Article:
OD: How do you maintain your voice when touring, do you have any tips on keeping your vocal chords in check?
LZZY: What I do is pretty simple and as long as I follow my good advice we’re okay. I do warm ups and cool downs to some degree every day and a lot of water. Sleep is a huge part of it and staying healthy, eat right. A big rule of mine is ‘if it hurts don’t do it’, I don’t drink on the road unless I have a day to recover, but sometimes not even that because rest days aren’t particularly party days. I don’t bounce back like I used to, so after we do a really good show, I sometimes think ‘screw it I don’t want to deal with a hangover’.
OD: You guys picked up the Grammy for “Love Bites” back in 2013, this year’s Hard Rock Grammy went to Tenacious D for a DIO cover, which caused a bit of a heated debate in the Rock community, can you give me your thoughts on this?
LZZY: I didn’t see that coming, but I didn’t see us winning either. Whatever the mindset is every year, it can be hit or miss. The only thing that I’m disappointed in is that, and we probably ruined this for everyone because we got a lot of flak for getting that Grammy, because so many people wanted it because we won for hard rock/metal performance- they don’t have that category anymore, they don’t even have a hard rock category. What I do wish the academy would do is at least reinstate the hard rock category, give metal their own category, because the problem with rock now is that it is such a wide spectrum now that you are competing with Jack White and Lorde you know? There are too many sub-genres. It is only going to get more difficult as the years go on because there is so much out there.
OD: A couple of years ago, Halestorm went out on tour with Shinedown in support to Alterbridge. You did a show stopping acoustic version of “Watch Over You” with Miles (Kennedy – Alterbridge, Slash). Was this just a spur of the moment decision while on tour and will we ever see a collaboration between you guys in the future? *Check out the fan filmed footage below.
LZZY: Yeah it was totally last minute, we did two or three shows with them and then Miles was like here’s our CD, there is a song called “Watch Over You”, I’d love for you to sing it. The girl who did the original version on the album was Cristina Scabbia (Lacuna Coil), who did an amazing job, so there was already a part there to learn, Miles was like “would you be able to do it, like tonight?” I can’t remember where we did it first, but it was just after sound check and I was like “I gotta remember this” and “Oh god I am going to screw this up”. It was so stressful, but he is such an amazing singer and so consistent every night, what a sweetheart of a dude!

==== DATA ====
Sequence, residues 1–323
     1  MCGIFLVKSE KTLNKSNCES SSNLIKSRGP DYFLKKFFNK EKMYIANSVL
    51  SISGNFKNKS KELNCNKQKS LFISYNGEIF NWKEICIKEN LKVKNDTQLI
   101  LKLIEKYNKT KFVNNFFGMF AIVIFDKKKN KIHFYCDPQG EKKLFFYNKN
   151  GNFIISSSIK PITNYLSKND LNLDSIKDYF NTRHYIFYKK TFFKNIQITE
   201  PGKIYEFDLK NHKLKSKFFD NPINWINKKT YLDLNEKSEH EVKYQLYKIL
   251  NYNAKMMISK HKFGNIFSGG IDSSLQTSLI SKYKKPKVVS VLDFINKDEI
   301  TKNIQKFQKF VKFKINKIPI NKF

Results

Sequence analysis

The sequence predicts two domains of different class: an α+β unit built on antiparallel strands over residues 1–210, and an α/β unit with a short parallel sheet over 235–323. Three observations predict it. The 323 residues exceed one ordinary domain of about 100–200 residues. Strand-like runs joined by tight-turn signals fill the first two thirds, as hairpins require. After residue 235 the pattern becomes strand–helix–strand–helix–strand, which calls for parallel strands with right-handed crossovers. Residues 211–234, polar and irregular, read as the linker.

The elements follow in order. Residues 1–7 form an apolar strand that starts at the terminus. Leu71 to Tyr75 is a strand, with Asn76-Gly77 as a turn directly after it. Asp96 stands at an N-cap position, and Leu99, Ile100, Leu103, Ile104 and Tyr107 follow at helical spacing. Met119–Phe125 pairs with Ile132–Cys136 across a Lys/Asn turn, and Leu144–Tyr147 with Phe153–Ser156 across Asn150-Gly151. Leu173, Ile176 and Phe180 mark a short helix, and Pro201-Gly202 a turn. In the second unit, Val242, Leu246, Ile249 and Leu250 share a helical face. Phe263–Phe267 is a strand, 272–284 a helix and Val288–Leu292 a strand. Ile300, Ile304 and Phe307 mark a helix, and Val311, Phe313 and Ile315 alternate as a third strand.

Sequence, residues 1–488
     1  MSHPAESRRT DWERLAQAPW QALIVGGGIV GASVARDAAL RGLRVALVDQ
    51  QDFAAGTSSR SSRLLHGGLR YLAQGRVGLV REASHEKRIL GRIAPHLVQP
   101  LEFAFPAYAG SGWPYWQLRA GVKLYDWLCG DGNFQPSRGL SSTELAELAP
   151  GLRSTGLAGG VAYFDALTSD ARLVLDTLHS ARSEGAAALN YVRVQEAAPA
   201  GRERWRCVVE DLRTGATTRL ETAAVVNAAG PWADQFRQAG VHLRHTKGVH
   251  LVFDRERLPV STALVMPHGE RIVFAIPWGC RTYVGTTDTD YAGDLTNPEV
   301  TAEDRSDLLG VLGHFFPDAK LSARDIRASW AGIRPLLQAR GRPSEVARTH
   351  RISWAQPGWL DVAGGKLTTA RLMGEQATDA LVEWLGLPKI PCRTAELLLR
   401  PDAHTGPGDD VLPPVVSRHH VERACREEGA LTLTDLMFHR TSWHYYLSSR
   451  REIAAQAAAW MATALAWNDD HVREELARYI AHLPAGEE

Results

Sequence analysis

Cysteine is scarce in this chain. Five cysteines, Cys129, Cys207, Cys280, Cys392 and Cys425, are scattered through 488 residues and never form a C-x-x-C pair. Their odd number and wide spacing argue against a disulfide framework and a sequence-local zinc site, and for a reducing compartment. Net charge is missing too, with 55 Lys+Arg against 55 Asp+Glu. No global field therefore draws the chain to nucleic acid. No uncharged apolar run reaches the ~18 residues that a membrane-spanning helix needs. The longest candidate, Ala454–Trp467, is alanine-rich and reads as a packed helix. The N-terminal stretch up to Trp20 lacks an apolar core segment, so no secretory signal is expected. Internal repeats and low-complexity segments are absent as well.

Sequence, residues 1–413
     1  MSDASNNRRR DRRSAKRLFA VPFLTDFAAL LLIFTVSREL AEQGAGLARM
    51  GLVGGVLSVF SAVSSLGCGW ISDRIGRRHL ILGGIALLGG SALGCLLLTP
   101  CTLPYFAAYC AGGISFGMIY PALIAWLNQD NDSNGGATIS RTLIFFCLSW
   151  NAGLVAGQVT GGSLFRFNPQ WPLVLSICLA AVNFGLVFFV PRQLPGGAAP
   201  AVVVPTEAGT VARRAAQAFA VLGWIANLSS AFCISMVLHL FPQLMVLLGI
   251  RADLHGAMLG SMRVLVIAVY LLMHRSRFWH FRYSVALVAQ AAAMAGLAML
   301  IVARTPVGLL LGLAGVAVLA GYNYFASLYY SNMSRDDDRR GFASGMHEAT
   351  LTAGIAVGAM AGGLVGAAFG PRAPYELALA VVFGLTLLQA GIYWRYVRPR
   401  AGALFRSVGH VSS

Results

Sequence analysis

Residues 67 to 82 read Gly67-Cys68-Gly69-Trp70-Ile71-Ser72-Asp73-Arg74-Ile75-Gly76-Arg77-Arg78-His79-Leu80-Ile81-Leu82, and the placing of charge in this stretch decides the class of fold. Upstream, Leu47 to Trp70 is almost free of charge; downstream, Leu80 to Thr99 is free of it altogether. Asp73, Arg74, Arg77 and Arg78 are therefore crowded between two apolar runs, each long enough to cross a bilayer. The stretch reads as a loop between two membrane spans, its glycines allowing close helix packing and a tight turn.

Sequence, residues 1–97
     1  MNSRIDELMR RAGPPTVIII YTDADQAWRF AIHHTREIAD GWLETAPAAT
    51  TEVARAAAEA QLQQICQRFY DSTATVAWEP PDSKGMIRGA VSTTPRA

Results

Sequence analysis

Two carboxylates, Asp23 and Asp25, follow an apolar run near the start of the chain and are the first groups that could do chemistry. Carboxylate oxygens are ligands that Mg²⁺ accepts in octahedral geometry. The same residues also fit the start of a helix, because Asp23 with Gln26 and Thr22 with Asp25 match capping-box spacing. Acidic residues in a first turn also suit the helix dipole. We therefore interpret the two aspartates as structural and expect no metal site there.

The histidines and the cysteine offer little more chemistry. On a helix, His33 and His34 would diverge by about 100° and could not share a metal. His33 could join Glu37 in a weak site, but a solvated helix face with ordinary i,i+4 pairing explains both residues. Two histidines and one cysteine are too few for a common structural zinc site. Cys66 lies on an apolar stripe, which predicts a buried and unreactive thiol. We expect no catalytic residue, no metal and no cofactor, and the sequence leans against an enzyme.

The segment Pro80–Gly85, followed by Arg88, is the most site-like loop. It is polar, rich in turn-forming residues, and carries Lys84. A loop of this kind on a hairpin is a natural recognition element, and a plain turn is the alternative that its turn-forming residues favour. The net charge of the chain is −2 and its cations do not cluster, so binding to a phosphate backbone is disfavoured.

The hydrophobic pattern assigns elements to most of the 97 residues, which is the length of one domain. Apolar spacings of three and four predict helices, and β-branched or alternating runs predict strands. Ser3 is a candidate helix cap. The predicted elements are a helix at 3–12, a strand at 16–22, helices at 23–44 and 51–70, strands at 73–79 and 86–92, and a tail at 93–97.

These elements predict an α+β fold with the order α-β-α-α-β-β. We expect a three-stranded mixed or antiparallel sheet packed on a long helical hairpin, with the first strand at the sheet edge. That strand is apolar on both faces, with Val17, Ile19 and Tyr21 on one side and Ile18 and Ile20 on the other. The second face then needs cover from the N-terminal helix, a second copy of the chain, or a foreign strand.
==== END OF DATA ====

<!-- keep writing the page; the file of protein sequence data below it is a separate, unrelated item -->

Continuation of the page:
Something I am excited about at the moment, which is just rumors at the moment since no one has contacted me, but a couple of friends of mine and some of Rob Halford’s (Judas Priest) people have been talking about us doing something together. It’s funny, because one of his crew guys gave me a number and said that Rob wanted me to call him and I was like yeah right! But I put it into my pocket, it went through the wash and I don’t have it anymore. A couple of weeks later a guy that I know, who worked on his merchandise back in the day was like “By the way Rob Halford says hey and has been trying to get a hold of ya” so I gave him our management’s information just in case. Then I had an interview the other day with Metal Hammer and the girl was like “I just had an interview with Rob Halford and he really wants to do something with you”, so I am like “SOMEBODY TELL ME WHATS GOING ON!” But that’s the only thing at the moment, but I will sing with anybody. It’s crazy that he knows who I am though, I still get a bit fan girl when I think about it.
OD: Do you have any creepy fan stories that still put your hair on end?
LZZY: There are a couple, like weird letters but that’s just depressing, so I won’t talk about that, but I get a lot of letters every day at venues and stuff off awesome kids telling me about their perseverance with music and learning guitar and all. There was this 17-20 year old cute girl, who gave me this envelope and was like “open this when you are on the bus later“. So I remembered later and I open it and there is a tampon (not used) – it gets better – and a letter. The letter read “The next time your time of the month comes will you use this and then tweet me that you did so I have some part of your everyday normal life”. She was this well dressed normal girl and I was like “What the hell!” So that was a little weird. But I talked about it once before to the press and fans started to bring me tampons as jokes which was great – unless you are in a meet and greet which is embarrassing.
OD: Finally, if you could pick one song by any artist that you consider to be perfect in every way, what would it be?
LZZY: Oh man, I am going to say a song that still gets me pumped and is like six minutes long is “Heaven and Hell” by Black Sabbath. I am a huge Dio fan and I was actually introduced to Dio before I ever knew he sang with Black Sabbath. My parents had a mis-match of records and so my first Dio encounter was “Holy Diver” and my dad was like “you know he played with Black Sabbath, here is this record“. The song “Heaven and Hell” in particular I just love, the entire record is amazing. The song we ended up covering back in the day and from the riff to the vocal melodies to the outro it is just phenomenal, if I had to listen to one song over and over again that would be it.
HALESTORM are currently on tour across Europe and their new album “Into The Wildlife” is set for an Irish release on Friday April 10th. For you chance to pre-order an exclusive signed copy of the album. Just click on the graphic below and get them while the limited stock lasts!
Transcription – Karyn Corrigan
Photography – Steve Dempsey: Down The Barrel Photography